Suzanne Fields

BERLIN -- A cold dampness hovers over the streets and the skies turn bleak and dark early in the afternoon. Nevertheless, 'tis the season to be jolly. More than 50 Christmas markets celebrate the season, and none is as unusual as the one here at 14 Lindenstrasse behind the provocative new Jewish Museum, lit by a huge Hanukkah menorah and traditional Christmas decorations celebrating an exhibition titled "Chrismukkah."

 Here, Christians and Jews gather to share a warm glass of Gluhwein, the seasonal spicy wine, warming the hands and lifting the spirit, or to nibble a potato latke or a stollen, the Christmas cake studded with dried fruit. The strains of "Maoz Zur," the most popular Hanukkah song with lyrics set to the melody of "Rock of Ages," soar over the gathering. The notes hark to a 15th century German folk song incorporated into chorals of Christian faith by Martin Luther.

 Germans, like Americans, argue over the politically correct language of the season, but the Jewish Museum puts things into perspective, tracing the origins of the religious, cultural, commercial and political images associated with both Christmas and Hanukkah. A display of Bing Crosby’s "White Christmas" album is displayed at the entrance with a photograph of der Bingle, and the old crooner’s distinctive voice wafts through the hallways as a reminder that "White Christmas" was written by Israeli Isidore Baline, better known as Irving Berlin, who spoke Yiddish before he spoke English. Someone once asked him how a Jew could write the signature secular hymn of the Christian holiday, and he replied: "I wrote it as an American."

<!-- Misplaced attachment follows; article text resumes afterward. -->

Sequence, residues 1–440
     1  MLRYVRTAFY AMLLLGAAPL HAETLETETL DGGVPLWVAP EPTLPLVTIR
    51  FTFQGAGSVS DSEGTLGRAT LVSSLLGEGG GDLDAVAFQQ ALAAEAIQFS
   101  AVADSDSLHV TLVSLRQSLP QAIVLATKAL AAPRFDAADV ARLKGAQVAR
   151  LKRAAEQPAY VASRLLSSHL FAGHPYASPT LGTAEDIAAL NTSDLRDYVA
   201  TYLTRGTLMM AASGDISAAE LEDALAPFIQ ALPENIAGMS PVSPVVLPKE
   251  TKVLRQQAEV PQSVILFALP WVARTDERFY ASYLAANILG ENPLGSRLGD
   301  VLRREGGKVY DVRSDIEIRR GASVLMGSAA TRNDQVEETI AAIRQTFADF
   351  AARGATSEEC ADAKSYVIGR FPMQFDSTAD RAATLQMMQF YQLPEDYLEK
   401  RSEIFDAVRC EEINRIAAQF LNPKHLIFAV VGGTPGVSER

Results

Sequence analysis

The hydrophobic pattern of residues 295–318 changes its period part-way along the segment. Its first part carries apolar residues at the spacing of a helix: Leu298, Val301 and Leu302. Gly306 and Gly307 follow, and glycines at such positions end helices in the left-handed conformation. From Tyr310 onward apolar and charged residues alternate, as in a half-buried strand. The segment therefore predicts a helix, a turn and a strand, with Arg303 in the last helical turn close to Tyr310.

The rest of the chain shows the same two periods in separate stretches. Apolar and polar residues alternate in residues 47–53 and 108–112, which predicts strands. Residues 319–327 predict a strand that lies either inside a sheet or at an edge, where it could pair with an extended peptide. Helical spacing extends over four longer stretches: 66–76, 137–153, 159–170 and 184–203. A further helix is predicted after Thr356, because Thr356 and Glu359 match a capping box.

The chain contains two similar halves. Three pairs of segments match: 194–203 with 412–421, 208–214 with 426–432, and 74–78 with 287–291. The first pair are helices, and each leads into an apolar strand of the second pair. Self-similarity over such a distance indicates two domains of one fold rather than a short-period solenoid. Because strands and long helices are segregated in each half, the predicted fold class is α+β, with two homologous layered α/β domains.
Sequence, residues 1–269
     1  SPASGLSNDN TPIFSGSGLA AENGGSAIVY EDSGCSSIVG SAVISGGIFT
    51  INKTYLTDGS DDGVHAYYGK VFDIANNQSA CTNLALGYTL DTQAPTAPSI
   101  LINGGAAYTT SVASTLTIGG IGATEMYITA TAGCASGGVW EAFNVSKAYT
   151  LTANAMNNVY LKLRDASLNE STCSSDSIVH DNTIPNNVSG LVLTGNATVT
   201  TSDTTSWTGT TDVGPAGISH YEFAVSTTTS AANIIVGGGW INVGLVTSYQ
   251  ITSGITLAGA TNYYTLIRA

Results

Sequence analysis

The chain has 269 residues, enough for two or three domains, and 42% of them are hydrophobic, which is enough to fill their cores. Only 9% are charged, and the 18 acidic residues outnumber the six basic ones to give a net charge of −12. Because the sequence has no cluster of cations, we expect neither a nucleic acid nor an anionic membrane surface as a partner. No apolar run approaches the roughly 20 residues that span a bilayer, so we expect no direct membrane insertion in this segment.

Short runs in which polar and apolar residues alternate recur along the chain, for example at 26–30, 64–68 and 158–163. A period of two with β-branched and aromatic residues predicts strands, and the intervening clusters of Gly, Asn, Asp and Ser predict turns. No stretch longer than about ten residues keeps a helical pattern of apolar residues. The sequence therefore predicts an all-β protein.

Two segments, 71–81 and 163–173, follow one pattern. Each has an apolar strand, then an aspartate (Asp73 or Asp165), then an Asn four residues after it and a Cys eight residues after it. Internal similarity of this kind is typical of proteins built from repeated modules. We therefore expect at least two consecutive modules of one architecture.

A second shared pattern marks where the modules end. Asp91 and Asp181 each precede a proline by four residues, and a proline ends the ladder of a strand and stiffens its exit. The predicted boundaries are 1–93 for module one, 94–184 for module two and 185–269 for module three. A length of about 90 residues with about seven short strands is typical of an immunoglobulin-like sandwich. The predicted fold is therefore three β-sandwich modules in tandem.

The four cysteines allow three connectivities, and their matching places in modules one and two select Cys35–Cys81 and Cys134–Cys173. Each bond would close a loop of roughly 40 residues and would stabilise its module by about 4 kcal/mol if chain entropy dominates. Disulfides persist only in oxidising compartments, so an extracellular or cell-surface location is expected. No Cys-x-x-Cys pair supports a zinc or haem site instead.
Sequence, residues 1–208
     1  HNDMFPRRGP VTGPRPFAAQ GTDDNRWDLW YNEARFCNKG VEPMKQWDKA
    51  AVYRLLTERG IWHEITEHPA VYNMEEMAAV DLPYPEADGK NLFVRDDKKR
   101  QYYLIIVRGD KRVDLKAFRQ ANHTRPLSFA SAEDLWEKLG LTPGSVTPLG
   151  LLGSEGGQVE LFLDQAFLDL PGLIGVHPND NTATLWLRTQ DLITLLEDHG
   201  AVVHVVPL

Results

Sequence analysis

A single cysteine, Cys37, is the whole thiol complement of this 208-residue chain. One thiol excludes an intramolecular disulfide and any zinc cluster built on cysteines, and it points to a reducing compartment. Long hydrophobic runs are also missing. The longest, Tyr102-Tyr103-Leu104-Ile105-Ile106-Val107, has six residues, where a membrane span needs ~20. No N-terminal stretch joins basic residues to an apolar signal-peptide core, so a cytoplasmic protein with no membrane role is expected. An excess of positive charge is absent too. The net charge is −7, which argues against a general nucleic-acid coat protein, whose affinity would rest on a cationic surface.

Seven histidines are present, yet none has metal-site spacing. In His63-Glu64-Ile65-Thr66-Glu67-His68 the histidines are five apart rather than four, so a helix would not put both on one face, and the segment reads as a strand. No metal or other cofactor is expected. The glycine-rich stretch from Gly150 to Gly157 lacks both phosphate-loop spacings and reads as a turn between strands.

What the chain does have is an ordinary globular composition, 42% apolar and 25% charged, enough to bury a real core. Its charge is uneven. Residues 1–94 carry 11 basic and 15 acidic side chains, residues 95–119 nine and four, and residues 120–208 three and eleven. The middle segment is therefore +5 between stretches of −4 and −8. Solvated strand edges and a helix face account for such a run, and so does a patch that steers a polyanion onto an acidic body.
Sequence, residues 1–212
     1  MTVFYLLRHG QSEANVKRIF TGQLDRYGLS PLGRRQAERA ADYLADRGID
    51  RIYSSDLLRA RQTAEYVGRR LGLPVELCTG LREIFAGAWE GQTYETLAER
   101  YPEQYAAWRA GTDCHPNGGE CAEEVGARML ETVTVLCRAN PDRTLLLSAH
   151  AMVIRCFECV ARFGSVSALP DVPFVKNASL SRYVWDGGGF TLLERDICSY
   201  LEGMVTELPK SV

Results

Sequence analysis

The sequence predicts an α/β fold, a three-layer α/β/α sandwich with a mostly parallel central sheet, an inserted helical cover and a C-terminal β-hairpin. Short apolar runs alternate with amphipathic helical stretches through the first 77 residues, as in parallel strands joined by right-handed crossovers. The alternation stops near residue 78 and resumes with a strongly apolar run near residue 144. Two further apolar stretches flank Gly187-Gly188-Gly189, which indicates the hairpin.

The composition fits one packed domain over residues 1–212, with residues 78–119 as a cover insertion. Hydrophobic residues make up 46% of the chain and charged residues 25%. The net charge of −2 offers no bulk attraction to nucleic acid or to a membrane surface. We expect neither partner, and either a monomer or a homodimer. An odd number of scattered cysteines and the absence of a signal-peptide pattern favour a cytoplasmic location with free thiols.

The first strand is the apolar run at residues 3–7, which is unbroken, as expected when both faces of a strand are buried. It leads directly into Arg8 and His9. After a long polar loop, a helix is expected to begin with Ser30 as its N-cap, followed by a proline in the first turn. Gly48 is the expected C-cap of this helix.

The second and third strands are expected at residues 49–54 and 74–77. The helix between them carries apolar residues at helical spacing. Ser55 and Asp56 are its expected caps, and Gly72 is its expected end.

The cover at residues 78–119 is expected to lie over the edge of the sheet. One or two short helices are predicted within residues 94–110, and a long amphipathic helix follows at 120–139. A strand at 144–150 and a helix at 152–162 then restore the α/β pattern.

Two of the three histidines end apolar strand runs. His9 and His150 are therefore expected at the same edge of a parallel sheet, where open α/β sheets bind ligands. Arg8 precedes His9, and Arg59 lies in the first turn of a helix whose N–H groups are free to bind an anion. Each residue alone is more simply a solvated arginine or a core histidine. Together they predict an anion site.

The exhibition is filled with such ironies, revealing the way traditions can lift the spirit or plunge it into despair, depending on who’s in charge of the message. A photograph from 1932, taken from inside the window of a rabbi’s home, depicts a graceful menorah with its candles lighting the windowsill and, beyond it, a Nazi swastika hanging from a rooftop across the street. A cartoon depicts a menorah morphing into a Christmas tree, satirizing the customs of German Jews whose assimilation could not save them from the "final solution." On display are Christmas-tree ornaments decorated with swastikas and other symbols of the Third Reich, wooden angels transformed into "winged end-of-the-year figures" of the socialist German Democratic Republic, and an American menorah made with tiny replicas of the Statue of Liberty as candleholders.


Suzanne Fields

Suzanne Fields is currently working on a book that will revisit John Milton's 'Paradise Lost.'

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